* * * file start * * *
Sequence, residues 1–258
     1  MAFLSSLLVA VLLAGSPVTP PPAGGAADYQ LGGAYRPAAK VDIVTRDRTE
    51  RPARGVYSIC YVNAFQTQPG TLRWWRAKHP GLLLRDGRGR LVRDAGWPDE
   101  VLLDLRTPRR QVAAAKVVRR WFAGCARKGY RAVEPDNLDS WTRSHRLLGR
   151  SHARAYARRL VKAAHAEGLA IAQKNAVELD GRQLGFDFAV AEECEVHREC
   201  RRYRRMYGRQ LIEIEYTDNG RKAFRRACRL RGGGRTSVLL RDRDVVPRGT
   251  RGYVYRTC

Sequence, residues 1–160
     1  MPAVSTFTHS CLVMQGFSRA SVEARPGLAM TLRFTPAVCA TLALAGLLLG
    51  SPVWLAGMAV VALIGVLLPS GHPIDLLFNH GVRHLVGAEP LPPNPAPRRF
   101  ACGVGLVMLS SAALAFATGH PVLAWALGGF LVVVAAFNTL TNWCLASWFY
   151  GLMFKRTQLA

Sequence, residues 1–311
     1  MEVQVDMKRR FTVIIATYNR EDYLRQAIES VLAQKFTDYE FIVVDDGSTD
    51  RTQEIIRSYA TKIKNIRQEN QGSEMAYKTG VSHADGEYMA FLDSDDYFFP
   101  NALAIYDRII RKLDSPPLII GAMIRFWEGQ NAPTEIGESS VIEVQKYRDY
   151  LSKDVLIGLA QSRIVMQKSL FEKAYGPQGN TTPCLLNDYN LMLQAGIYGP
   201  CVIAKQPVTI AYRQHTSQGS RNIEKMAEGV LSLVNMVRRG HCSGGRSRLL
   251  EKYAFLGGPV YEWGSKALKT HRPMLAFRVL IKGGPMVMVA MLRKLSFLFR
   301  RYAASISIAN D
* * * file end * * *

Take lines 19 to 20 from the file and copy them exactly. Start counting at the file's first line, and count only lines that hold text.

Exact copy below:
   251  EKYAFLGGPV YEWGSKALKT HRPMLAFRVL IKGGPMVMVA MLRKLSFLFR
   301  RYAASISIAN D